Will the Reserve Bank wait for the US Fed to cut interest rates first?

Here's when AMP thinks interest rates will be cut in the US, Australia, New Zealand, Canada and the Eurozone.

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While the US economy is seen as a leading indicator for the world, the US Fed is unlikely to be the first major central bank to start cutting interest rates, says AMP deputy chief economist Diana Mousina.

Mousina points out that the US was not the first nation to increase interest rates as inflation grew in 2022, and regardless, domestic growth conditions are the main element in any central bank's decision on rates.

Here's what's happening.

Where are we up to with inflation?

Markets were rattled this month after the US reported a third consecutive month of hotter-than-expected inflation.

On the day of the news, the S&P 500 Index (SP: .INX) closed down 1% and the Nasdaq Composite Index (NASDAQ: .IXIC) lost 0.8%.

The S&P/ASX 200 Index (ASX: XJO) fell 0.44% the following day and a further 2.57% over the next three trading days.

Major bank stocks also took a dive over this four-day period. Commonwealth Bank of Australia Ltd (ASX: CBA) shares spiralled 5.08% and National Australia Bank Ltd (ASX: NAB) shares fell 3.67%.

Markets did not like this news because sticky inflation will likely delay the US Fed's first interest rate cut.

This may impact the global economy, and possibly influence other central banks on the timing of their own cuts.

There were also concerns that stalled progress on reducing inflation in the US may mean the same would occur here. Mousina says this is unlikely, but it only takes a little uncertainty to move stock markets.

She said:

Expectations for US interest rates have an important bearing on financial market pricing for interest rates, which influences bond yields and equities.

The next round of quarterly inflation figures for Australia are due out tomorrow.

CBA senior economist Belinda Allen says the bank expects inflation to have fallen from 4.1% per annum in the December quarter to 3.4% per annum in the March quarter.

Why is US inflation sticky?

One reason is that US mortgage holders have not been impacted by rising interest rates as much as those in Australia. This means their spending has not been curtailed to the same extent.

The US is expected to book 2.7% gross domestic product growth in 2024. This compares to 1.5% in Australia, according to the International Monetary Fund.

Mousina explained:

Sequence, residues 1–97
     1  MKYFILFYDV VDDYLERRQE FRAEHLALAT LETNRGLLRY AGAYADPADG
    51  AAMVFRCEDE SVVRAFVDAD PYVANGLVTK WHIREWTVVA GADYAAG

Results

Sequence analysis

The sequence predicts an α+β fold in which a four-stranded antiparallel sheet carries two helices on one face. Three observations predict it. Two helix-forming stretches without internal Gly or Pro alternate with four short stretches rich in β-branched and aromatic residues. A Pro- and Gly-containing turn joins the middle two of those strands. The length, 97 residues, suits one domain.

Australia has had the largest increase in outstanding mortgage rates despite having the lowest increase in interest rates compared to its peers.

In contrast, US outstanding mortgage rates have barely risen, despite having one of the largest increases in rates across the major central banks.

The IMF also notes that US fiscal policy is supporting economic growth. The biggest example of this is the Inflation Reduction Act which will pump US$369 billion into the economy for clean energy investments.

When will major Western nations start cutting interest rates?

Mousina said the US Fed is likely to delay rate cuts until the second half of the year.

As for the rest of the world, the Bank of Canada and the European Central Bank are likely to cut interest rates in June.

Canada and the Eurozone have seen some of the largest increases in unemployment among Western nations at 6.1% and 6.5%, respectively.

Along with New Zealand, they have experienced the biggest slowdown in economic growth due to higher interest rates.

Mousina said:

New Zealand GDP growth was negative in the second half of 2023 (a technical recession).

Canada narrowly avoided a technical recession in the second half of 2023, but growth is low at under 1% per annum.

… Eurozone growth has been basically flat over 2022-23 from the impacts of high energy prices.

The Reserve Bank of New Zealand is likely to wait until July or August once inflation has lowered further.

Inflation has come down considerably in Canada and the Euro area, with headline consumer prices just above the 2% inflation target.

Services inflation in New Zealand is still high, despite the slowing in economic growth.

When will the RBA cut interest rates in Australia?

As for Australia, Mousina said:

… we have been expecting the Reserve Bank of Australia (RBA) to start cutting rates in June but the risk is a later start to cuts (like in August) as the RBA appears reluctant to cut interest rates before further confirmation of a slowing in inflation.

CBA is tipping the Reserve Bank will cut interest rates in September while ANZ is forecasting November.

Motley Fool contributor Bronwyn Allen has positions in Anz Group and Commonwealth Bank Of Australia. The Motley Fool Australia's parent company Motley Fool Holdings Inc. has no position in any of the stocks mentioned. The Motley Fool Australia has no position in any of the stocks mentioned. The Motley Fool has a disclosure policy. This article contains general investment advice only (under AFSL 400691). Authorised by Scott Phillips.

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